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Personal Stories ~ From Tonja
Hank was born September 12, 2000 at 12:34 a.m. weighing 8 lbs 7oz. and measuring 19 3/4 inches. He was absolutely perfect. Instead of crying he literally started cooing and "talking" to us. The nurses had to try really hard to make him cry! Such a sweet baby. After spending almost an hour with him, Hank was taken to the nursery for all the usual doings while I spent another hour in the LDR room for recovery and was then taken to my room. Just about the time I was settled in and DH turned out the lights for us to catch a little sleep, the telephone rang. I assumed it was the nursery calling to say Hank was ready to room-in. Instead it was the nurse calling to say he had been taken to the NICU because of breathing problems. Apparently the nurse had noticed Hank having trouble breathing and called in the neonatologist who sent him over to NICU. They suspected he had swallowed some fluid during birth. The nurse apologized for calling and not having more information, but said they had several babies come in and a couple were in critical condition. A nurse would come and talk to us as soon as possible and the neonatologist would be by as soon as he finished with the critical babies. DH and I were of course terrified - Hank had seemed perfectly healthy only a few hours before and now he was in NICU. We were completely unprepared for this. We just prayed and waited for someone to come talk to us.

About an hour later the nurse from the regular nursery came by to let us know that the neonatologist was still tied up in NICU and to reassure us that Hank was doing fine. She explained his situation a little more - he had swallowed some fluid during birth and was struggling to breath. Luckily the nursery staff had noticed this right away and he was now in NICU under an oxygen hood to help him breathe. She explained that he would probably stay there until his blood oxygen level rose. About an hour or so later the neonatologist finally came. He also apologized for not coming sooner. He explained that the fluid Hank had swallowed was causing him difficulty in breathing and put him at risk for developing pneumonia or infection in his lungs. Hank would stay in NICU under the oxygen hood until his oxygen levels rose and he would be on antibiotics for 5 -7 days to prevent infection and ward off pneumonia. He explained that although Hank's condition was serious enough to be in NICU, he was not in critical condition and would recover fully with out any anticipated side effects. We were greatly relieved. I was a little disappointed that the Dr. also put Hank on formula supplements (I wanted to strictly breastfeed), but was more than willing for Hank to have anything as long as it would help him to get better.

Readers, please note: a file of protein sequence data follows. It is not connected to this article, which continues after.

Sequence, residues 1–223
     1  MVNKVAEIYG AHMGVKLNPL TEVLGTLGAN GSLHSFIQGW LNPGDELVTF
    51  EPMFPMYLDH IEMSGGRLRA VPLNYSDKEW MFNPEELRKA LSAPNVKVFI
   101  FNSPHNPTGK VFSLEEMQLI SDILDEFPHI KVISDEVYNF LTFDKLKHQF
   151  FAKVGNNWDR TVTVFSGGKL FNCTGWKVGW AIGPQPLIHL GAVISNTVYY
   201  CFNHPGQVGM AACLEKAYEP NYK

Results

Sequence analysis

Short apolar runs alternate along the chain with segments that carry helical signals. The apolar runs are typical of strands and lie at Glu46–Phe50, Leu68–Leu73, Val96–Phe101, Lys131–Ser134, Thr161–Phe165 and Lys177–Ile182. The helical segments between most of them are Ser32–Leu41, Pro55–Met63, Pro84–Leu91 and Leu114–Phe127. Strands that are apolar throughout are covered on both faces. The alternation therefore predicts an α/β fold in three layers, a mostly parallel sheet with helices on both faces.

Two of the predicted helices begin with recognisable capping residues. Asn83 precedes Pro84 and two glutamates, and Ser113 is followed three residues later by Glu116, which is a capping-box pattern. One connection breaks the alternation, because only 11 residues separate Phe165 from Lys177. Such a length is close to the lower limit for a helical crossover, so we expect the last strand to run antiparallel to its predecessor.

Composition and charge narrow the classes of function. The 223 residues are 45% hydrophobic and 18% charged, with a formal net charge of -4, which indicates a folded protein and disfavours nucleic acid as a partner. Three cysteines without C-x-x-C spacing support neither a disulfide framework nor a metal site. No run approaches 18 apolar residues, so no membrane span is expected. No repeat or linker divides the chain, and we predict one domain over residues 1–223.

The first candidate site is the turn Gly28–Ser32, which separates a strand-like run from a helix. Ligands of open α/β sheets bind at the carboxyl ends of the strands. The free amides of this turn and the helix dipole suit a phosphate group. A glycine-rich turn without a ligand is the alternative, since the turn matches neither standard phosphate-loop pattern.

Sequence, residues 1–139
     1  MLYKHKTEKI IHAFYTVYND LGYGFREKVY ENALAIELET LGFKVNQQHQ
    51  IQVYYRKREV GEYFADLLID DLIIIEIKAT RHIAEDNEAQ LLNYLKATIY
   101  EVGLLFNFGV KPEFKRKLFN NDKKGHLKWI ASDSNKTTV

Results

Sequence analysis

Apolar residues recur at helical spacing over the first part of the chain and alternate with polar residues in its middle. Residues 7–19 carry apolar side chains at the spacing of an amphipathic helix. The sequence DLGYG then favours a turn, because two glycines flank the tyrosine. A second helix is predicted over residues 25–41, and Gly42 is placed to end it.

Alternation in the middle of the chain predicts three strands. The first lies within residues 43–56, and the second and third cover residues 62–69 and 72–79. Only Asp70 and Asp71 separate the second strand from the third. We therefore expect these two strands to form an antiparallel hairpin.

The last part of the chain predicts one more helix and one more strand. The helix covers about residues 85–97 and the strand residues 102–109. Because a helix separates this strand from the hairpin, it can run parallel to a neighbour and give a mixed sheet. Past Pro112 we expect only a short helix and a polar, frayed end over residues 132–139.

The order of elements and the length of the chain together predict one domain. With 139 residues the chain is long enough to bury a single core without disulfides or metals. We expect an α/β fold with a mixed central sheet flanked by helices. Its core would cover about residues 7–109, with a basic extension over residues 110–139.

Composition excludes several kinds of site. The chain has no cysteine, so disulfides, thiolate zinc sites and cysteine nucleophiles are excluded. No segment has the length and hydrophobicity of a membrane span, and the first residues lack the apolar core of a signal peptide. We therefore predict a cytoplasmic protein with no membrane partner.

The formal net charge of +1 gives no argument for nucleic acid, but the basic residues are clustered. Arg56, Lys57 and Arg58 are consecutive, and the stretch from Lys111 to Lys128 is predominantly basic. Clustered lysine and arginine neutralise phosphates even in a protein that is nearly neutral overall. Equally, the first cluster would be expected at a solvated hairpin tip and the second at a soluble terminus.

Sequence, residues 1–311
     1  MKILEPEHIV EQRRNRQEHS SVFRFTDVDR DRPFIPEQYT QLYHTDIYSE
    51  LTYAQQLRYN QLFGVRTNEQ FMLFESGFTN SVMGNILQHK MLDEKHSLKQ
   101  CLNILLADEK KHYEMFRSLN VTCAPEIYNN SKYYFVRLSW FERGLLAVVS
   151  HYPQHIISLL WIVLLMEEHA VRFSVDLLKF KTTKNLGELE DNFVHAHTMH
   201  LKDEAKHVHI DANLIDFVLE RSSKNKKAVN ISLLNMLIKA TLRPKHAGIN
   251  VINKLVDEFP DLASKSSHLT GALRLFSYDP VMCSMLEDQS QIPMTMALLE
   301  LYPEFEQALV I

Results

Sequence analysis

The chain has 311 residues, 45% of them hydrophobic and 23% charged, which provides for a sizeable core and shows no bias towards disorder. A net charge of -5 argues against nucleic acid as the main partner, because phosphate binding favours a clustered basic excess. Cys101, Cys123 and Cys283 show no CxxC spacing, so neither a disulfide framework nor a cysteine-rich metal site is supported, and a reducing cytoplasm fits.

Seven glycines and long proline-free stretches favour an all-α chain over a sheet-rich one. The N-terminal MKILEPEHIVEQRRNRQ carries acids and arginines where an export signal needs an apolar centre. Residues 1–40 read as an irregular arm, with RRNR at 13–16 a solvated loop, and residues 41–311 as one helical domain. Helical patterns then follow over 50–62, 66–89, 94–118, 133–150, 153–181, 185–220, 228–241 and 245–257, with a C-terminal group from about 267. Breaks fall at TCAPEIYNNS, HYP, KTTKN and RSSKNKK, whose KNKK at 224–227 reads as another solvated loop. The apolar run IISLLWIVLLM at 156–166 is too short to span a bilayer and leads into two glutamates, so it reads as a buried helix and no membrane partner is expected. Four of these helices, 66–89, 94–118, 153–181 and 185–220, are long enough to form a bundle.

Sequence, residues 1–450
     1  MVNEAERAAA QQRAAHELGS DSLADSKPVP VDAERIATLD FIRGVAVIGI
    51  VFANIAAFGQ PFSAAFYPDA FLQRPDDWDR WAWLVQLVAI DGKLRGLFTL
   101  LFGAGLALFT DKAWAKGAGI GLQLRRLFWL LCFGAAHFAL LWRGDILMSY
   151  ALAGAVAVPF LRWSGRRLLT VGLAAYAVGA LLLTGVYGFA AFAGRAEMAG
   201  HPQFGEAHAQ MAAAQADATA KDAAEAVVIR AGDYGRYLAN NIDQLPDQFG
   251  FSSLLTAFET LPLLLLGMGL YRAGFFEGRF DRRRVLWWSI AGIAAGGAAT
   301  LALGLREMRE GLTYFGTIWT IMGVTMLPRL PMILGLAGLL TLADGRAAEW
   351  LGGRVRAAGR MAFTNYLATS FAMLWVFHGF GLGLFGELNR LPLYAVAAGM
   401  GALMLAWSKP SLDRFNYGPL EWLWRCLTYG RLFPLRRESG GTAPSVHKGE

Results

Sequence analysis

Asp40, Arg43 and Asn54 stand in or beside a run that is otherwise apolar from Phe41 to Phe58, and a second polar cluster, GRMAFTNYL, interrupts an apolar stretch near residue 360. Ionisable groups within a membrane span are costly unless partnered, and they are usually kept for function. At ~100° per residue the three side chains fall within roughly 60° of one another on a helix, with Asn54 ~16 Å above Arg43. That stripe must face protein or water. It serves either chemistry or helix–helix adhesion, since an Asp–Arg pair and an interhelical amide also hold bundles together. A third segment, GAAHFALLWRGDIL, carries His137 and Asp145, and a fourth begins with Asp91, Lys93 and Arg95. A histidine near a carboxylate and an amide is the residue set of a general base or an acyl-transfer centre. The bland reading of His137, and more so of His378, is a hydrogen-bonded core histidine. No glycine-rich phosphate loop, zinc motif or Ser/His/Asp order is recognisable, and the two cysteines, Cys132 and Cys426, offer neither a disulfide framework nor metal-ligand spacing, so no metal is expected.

Finally, at about 8:00 a.m. we were allowed to see Hank. Huge compared to the teeny babies in the room with him, he still looked so vulnerable under the oxygen hood. His little chest was just heaving he was trying so hard to breathe. He also had several monitors attached and a heparin lock in his head for his medications. I was terrified to touch him. They hadn't even given him a bath because he had never been able to maintain his temperature before he was moved to NICU. The NICU nurse was wonderful. She explained what everything was and assured us not to be afraid - Hank was doing wonderfully and would probably be out from under the hood in a couple of days. He was already making progress. We held him and loved on him for a few minutes and then it was time to go. We went back every few hours to see him (scrubbing and wearing gowns each time).